Students to run dorm discipline

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August 30, 2001

The Residential Judicial Council, designed by InterHall to create a more student-centered disciplinary system, will be introduced campus-wide following last year’s successful pilot program in the New South dorm.

“We wanted students to hold students accountable for their actions,” Residential Judicial Council Executive Holly Combe (CAS ‘02) said.

According to Combe, students in New South responded favorably to the new council. The majority of students, she said, are happy that students rather than administrators were hearing their concerns.

Combe said that in New South the Council dealt primarily with Category A violations. These include first-time alcohol violations, guest policy violations and violations of the dorm-wide “no hall sports” policy.

According to council procedural guidelines, the RJC will only hear Category B violations if the student in question has already admitted responsibility. Category B violations include selling or distributing alcohol to students under 21 or to those already intoxicated.

The RJC can hear all Category A violations, even if the student in question denies responsibility.

Combe said that seven different chairmen as well as two executives are responsible for running the Council. There is no strict “hierarchy,” she said, and this ensures that power is distributed more equally among different students.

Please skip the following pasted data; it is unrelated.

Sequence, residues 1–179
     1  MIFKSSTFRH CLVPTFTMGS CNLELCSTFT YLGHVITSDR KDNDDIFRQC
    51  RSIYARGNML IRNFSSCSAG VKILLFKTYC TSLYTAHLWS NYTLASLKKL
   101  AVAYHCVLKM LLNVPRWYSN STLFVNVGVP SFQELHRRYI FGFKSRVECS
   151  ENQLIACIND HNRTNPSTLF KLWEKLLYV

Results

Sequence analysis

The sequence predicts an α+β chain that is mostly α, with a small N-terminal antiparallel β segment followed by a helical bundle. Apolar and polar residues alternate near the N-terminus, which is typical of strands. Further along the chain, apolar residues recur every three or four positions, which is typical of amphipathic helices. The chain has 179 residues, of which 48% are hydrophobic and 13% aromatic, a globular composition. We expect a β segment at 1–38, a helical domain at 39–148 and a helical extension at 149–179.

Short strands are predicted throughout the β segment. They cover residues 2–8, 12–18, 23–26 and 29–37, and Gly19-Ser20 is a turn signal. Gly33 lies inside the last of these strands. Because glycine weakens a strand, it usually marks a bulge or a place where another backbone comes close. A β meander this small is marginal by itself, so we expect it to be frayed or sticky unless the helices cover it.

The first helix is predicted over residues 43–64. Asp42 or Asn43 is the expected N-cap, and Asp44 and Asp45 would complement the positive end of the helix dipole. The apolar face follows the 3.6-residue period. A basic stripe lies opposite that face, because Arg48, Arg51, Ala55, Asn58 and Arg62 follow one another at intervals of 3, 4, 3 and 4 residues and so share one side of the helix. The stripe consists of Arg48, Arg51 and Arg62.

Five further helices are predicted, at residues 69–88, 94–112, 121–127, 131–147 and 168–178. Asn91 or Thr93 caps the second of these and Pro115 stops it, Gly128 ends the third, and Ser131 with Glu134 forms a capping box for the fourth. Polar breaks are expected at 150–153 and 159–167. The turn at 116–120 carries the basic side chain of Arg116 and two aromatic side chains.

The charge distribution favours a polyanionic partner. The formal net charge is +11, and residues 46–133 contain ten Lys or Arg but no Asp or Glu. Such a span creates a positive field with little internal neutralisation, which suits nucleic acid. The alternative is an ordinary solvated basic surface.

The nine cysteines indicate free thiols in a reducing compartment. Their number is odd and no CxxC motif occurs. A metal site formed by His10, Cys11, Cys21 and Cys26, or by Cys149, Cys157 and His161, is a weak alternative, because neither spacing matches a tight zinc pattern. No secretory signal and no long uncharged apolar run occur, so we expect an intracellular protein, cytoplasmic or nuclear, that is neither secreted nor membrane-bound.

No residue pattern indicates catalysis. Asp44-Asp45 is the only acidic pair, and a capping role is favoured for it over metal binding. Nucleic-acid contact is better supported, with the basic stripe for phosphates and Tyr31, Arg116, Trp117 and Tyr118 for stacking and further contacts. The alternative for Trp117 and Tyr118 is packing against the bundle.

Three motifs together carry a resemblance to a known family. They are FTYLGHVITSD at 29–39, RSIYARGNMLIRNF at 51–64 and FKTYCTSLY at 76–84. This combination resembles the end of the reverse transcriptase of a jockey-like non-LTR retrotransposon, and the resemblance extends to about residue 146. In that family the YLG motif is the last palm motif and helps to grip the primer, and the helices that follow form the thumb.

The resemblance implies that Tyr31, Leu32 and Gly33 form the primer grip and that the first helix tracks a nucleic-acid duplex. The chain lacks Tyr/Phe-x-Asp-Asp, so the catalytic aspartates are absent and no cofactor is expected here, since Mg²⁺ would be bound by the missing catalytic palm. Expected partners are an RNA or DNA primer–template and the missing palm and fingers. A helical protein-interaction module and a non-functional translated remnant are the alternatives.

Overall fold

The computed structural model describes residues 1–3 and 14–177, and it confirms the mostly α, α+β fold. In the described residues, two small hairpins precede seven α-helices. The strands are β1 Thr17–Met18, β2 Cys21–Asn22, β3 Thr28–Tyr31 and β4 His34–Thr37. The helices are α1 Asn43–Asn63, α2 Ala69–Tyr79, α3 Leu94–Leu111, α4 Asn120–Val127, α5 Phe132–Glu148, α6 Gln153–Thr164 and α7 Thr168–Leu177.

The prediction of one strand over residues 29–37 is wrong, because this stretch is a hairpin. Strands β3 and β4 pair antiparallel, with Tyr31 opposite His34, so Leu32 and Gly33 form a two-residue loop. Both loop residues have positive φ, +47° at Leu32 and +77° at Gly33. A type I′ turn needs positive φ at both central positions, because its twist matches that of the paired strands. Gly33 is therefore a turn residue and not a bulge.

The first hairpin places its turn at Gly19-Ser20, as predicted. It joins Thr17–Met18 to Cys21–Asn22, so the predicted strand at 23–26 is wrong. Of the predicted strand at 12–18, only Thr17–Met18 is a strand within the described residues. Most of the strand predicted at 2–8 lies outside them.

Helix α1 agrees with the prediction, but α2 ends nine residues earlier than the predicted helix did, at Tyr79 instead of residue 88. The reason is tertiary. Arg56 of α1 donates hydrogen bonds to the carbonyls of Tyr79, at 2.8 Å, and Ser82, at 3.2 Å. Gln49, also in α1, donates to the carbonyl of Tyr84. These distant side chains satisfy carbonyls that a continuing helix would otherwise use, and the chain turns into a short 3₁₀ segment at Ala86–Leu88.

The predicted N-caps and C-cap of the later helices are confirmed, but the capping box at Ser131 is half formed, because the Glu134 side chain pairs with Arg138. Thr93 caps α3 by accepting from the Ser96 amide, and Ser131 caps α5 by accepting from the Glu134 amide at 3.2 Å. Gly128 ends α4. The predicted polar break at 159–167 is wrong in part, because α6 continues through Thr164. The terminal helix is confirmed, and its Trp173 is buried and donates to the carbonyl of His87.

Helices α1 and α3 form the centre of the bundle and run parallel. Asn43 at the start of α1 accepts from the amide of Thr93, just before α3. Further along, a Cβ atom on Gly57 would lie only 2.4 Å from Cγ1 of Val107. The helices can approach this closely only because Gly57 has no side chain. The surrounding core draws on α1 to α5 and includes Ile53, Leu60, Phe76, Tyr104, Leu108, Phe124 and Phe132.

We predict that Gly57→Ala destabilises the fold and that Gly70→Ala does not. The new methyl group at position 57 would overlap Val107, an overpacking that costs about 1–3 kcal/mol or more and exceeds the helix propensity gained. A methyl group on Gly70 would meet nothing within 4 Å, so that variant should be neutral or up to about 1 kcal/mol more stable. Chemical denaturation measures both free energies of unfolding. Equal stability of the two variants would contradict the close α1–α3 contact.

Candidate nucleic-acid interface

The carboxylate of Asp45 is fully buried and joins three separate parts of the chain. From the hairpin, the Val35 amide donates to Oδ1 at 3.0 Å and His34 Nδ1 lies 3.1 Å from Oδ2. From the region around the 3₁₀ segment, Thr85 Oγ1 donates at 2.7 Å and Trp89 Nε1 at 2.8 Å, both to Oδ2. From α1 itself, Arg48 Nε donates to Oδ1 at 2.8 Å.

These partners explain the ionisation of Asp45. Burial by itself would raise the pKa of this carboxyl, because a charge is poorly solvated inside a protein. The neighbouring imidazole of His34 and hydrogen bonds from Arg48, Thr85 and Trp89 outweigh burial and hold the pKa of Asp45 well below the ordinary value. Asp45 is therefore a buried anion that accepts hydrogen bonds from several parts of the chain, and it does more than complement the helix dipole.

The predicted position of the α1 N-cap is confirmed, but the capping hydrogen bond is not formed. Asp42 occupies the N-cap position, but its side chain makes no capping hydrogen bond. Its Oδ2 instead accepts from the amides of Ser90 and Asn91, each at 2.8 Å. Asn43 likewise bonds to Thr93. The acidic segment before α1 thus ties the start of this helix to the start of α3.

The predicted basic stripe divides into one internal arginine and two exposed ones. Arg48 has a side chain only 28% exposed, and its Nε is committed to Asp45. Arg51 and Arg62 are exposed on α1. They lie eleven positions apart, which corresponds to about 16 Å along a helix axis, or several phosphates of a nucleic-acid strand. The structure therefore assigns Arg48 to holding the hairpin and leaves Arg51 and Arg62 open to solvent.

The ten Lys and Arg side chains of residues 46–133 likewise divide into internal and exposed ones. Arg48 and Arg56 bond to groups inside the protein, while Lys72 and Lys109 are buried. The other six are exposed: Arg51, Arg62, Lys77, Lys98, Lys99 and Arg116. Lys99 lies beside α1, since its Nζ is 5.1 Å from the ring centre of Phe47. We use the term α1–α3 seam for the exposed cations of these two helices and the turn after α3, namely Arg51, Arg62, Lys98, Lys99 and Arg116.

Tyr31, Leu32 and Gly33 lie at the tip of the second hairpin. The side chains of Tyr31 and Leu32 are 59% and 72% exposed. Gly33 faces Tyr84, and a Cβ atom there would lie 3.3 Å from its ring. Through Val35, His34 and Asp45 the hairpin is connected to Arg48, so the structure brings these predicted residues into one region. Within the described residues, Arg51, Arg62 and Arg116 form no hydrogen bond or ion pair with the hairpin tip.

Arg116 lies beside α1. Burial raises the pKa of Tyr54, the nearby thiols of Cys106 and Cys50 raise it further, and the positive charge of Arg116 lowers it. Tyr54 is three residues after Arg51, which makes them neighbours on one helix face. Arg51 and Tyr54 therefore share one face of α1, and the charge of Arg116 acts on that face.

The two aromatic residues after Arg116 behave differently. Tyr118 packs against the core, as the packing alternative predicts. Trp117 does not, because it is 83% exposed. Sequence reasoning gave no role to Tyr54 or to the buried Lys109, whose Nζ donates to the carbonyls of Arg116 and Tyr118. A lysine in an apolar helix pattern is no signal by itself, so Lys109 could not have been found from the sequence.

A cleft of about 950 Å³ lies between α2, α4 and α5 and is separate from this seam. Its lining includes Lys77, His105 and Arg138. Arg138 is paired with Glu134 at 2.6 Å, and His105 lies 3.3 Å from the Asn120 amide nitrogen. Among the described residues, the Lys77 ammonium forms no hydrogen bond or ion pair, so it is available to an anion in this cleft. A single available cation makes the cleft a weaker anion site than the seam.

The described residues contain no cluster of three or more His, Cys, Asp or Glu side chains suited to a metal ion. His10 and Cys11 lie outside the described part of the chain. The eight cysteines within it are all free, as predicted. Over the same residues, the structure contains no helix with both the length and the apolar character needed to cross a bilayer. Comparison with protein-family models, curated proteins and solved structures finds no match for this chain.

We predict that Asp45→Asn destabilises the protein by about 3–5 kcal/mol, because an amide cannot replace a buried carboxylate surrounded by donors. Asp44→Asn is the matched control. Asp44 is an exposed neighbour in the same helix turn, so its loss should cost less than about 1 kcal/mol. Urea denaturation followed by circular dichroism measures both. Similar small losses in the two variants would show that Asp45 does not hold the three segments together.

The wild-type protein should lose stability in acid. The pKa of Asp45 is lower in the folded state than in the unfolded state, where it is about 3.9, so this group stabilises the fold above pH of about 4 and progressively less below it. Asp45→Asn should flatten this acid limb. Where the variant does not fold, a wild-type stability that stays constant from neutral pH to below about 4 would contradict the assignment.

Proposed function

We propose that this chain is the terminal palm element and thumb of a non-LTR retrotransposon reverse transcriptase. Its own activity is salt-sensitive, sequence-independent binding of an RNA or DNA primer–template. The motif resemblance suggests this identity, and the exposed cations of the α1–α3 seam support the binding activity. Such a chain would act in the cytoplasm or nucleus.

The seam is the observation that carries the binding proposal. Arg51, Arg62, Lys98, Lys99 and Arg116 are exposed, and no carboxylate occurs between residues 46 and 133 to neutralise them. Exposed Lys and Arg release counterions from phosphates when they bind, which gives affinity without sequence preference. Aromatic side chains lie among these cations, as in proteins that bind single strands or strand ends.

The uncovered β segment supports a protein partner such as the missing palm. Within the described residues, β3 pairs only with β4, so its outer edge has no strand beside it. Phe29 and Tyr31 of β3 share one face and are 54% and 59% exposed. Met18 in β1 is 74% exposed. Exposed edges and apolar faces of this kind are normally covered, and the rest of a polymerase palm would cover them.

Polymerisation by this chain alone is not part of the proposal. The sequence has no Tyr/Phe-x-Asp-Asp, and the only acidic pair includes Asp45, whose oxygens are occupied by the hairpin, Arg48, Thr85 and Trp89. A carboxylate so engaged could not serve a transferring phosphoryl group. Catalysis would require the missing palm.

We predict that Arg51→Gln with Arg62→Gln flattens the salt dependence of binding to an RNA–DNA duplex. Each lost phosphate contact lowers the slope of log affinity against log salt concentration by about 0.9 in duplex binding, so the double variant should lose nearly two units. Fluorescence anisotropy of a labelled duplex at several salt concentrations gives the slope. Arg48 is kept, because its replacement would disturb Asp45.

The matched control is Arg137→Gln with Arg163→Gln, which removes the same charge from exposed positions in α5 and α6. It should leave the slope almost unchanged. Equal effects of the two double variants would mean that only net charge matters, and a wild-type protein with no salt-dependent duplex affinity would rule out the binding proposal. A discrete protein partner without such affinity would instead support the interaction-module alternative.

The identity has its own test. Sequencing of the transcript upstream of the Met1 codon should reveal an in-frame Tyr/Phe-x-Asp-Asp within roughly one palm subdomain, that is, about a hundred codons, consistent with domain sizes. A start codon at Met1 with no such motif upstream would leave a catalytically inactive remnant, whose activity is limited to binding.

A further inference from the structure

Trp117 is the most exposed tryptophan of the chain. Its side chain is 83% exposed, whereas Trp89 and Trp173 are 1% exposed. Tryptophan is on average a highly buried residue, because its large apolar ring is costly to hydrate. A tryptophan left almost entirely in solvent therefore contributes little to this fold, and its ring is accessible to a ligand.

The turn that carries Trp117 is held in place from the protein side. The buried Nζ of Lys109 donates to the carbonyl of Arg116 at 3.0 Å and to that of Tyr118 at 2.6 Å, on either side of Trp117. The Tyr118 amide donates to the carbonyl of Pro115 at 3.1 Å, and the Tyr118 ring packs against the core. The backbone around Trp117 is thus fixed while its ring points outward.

According to RJC member Joe Gardner (CAS ‘03), each hearing board comprises one chairperson, two full-time council members, one juror who was a student-at-large selected from the residence hall to serve on one board each semester and the Hall Director.

Students are first asked to admit or deny responsibility, depending on the type of violation, then present their case to the board. Students can present evidence and witnesses or choose to remain silent. Board members may then question the student, after which the student can question members of the board concerning facts or statements of the report.

The board, Gardner said, deliberates and finds the student either “responsible” or “not responsible.” The members draft a letter explaining their decision, which the student later receives. According to Gardner, hearing boards were scheduled every week last year for the entire spring semester.

“I am very optimistic,” Gardner said. “Our evaluations from jurors and respondents suggested that everyone thought that we were fair and that overall it was a very educational experience for all who were involved.”

Previously, residence hall violations were handled through the Residence Hall Director and Area Coordinator. The Office of Student Conduct will continue to handle Category B violations for which the student denies responsibility and cases for which the student may be suspended or dismissed from the University.

According to Gardner, Resident Assistants were asked to discuss the new Residence Judicial Council with their students this week at their first floor meetings. The Council will be implemented in all dorms as

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